The Village Detective: A Song Cycle Movie Review: Meditation on Ruined Film

Around 2016, an Icelandic fishing boat caught something unusual in their nets. The ship was a bottom trawler, which sends nets down to the ocean bottom, scrapes around, and brings up what it finds. Along with a couple of tons of fish and lobster, they found film. Not even canisters, just reels and reels of film which had sat on the ocean floor for years, right on the Mid-Atlantic ridge. The films were brought to a restorer, who cleaned clams and rust off of them. What was on these reels was not a lost film. It was not a great discovery of cinematic history.

It was a Russian comedy from 1969 called The Village Detective. As an expert interviewed in the film says, it’s not even rare. The negatives are in an archive. It gets shown on television regularly. So The Village Detective: A Song Cycle by documentarian Bill Morrison is not in the vein of his previous feature length documentary, Dawson City: Frozen Time. That was about a number of films buried in permafrost, including several that were considered lost.

The subject here is not the discovered movie, but movies themselves. The Village Detective is a Soviet era film starring Mikhail Zharov, a popular character actor. In the West he would be best known for a role he played in Eisenstein’s Ivan the Terrible Part 2, but in the Soviet Union he had a long and varied career, from about 1915 until the late ’70s.

Morrison’s film is a bit about Zharov’s career, and the roles he played. It’s also about the intersection of art and history, and how the two can intertwine and even take each other’s place. To this point, we’re shown filmed recreation of events of the October Revolution that have been taken to be documentary footage of the revolution itself.

Zharov lived through most of the Soviet era, and was awarded the Stalin prize three times. But in the early ’50s his wife’s parents fell out of favor with the regime, and when he wouldn’t denounce them he was kicked out of his position in a theater. The film tells us of this, but it is not a political document. It’s not a biography, it is not cinematic criticism. It is… a mediation.

One of the laziest things a critic can do, when he can’t quite think of how to describe a slow film, is to call it a meditation. I’ve done it before. But The Village Detective: A Song Cycle is meditative. Though there are a couple of onscreen interviews, most of the running time is taken up with film clips from Zharov’s career, and specifically clips taken from the footage recovered from the ocean of his film, The Village Detective. It is heavily damaged, but not destroyed.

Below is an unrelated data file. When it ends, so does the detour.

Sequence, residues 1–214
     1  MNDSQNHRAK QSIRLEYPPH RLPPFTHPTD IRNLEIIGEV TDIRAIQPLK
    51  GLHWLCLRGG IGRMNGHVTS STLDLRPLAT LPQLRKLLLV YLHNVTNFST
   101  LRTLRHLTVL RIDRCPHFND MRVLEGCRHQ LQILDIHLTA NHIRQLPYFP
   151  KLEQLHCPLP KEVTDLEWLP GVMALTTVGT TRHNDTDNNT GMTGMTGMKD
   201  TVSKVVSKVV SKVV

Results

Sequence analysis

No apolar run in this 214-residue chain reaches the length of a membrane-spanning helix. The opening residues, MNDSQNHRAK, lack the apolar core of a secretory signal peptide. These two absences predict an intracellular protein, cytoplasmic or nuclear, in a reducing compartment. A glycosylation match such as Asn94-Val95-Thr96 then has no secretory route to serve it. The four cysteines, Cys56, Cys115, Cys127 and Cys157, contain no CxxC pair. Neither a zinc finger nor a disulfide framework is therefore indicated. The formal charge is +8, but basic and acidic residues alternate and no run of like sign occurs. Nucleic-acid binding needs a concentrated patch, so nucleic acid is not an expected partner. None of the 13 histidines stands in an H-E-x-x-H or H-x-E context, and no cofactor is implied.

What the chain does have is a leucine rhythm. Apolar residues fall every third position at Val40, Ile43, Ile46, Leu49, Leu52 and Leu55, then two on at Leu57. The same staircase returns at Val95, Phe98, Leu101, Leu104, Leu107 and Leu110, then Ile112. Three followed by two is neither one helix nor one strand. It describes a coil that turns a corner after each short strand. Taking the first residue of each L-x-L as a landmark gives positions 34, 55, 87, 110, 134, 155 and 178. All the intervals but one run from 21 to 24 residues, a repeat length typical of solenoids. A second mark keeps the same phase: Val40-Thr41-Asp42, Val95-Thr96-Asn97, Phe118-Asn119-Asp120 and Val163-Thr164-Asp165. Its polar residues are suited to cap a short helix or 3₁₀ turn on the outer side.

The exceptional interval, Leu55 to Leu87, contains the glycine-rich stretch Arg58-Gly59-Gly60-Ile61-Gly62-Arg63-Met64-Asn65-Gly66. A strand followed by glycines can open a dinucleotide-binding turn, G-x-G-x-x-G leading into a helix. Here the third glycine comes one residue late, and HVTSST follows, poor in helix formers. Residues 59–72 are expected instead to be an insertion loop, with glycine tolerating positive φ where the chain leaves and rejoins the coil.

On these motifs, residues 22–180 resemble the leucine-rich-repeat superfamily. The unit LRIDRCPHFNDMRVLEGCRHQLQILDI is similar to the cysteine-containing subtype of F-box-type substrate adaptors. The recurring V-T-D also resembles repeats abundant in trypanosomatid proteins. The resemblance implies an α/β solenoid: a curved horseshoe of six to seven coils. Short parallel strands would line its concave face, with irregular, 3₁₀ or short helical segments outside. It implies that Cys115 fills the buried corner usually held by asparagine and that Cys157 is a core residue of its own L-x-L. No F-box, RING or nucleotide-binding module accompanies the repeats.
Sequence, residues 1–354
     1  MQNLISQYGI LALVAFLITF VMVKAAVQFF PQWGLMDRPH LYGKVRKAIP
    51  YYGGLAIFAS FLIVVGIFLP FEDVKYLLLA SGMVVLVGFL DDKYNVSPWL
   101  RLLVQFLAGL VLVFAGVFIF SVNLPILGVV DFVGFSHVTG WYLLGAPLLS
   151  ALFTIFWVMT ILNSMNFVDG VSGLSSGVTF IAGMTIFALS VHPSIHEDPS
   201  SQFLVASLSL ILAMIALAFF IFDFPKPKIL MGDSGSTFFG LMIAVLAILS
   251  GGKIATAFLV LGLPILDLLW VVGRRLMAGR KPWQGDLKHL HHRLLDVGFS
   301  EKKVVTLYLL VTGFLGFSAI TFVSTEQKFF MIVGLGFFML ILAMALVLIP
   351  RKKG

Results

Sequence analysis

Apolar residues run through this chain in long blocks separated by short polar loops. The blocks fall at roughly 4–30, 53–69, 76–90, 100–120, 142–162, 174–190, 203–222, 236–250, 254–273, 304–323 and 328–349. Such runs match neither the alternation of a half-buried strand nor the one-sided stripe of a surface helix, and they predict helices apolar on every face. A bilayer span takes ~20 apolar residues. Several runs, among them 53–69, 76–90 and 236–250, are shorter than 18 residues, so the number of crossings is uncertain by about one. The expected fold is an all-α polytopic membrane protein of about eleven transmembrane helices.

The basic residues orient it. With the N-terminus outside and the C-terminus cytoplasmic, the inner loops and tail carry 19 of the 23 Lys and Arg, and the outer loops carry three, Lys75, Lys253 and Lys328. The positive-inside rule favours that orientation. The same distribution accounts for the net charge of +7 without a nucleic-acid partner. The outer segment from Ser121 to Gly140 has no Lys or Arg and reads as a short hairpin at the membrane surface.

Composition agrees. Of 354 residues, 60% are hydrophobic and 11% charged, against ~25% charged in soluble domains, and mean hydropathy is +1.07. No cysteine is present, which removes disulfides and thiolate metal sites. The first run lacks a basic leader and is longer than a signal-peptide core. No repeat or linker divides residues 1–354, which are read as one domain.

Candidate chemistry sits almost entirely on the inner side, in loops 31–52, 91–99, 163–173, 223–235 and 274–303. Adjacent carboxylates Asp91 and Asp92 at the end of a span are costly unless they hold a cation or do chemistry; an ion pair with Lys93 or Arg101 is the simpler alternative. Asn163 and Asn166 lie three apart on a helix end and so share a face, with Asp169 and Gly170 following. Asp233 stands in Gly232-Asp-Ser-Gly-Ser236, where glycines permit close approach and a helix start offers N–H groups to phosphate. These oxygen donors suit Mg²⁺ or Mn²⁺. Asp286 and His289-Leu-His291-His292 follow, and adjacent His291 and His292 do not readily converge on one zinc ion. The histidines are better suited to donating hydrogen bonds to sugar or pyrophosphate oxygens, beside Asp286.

The film is a comedy, and by many accounts not a great one. But in its damaged form, it is somehow transformed. The rust and distortions from the film’s long time in the ocean has affected the footage. Much of the image is occluded by damage. Sometimes the frames misalign, or frames from later scenes have imprinted on earlier shots so the footage seems to presage itself. It imbues a competently shot crime comedy about a stolen accordion with a weird weight. The constantly shifting film damage is like a commentary on the narrative itself.

Of course, that’s nonsense. It’s just damage. Any intention discovered in it comes from the viewer. The emotions they attach to the random environmental abuse come from their own mind. But the effect is still there.

Morrison’s film doesn’t have a strict narrative, though in the sections of The Village Detective film, it does keep us roughly apprised of the plot, and provides subtitles for the missing audio. In between sections of the damaged film, we see various aspects of Zharov’s career. This includes many clips of him singing and playing instruments, including the accordion. Prominently featured is a documentary, Zharov Talks, where he discusses the intersection of art and society.

That’s one of the concerns of The Village Detective: A Song Cycle, but it’s also about the effect of image, and the interpretation of visuals. A minor rural comedy about a stolen accordion is transformed into a surrealist drama, because the image is all screwed up and the audio is gone. Everything we see in a visual media is manipulated for effect. Even the effect of this footage is changed by being in a documentary: if the same footage were just on a YouTube video, no one would watch it for more than a minute or two. But it’s presented in this feature film, with evocative music and contextual clips and occasional on-screen notes (there is no narrator, similar to Dawson City) so you confront it differently.

Even running at 82 minutes, The Village Detective: A Song Cycle is not a briskly paced film. The contemplative intent and nebulous narrative make it the sort of film one absorbs. And that means meeting it halfway, understanding that it’s not strictly an entertainment. It’s not a biography, it’s not a critique, and it’s not an overview. It’s a chance meeting of a rediscovered not-quite treasure with an interesting subject. It’s a chance to expound on a medium’s interaction with its audience. If that sounds like pretentious gobbledygook, The Village Detective: A Song Cycle‘s charms will probably miss you.

I found much of the film interesting, occasionally mesmerizing, though I had to make an effort to keep my focus on it entirely. It’s visual poetry, which rewards attention but becomes obscure to casual observation. The Village Detective: A Song Cycle is (again to use the lazy critic words) a meditation on the effect of the image on the viewer.

The Village Detective: A Song Cycle is being released by Kino Lorber. It debuted recently as the Telluride Film Festival, and will open on 9/22 at the IFC Center in New York before opening up to other venues.

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Kent Conrad

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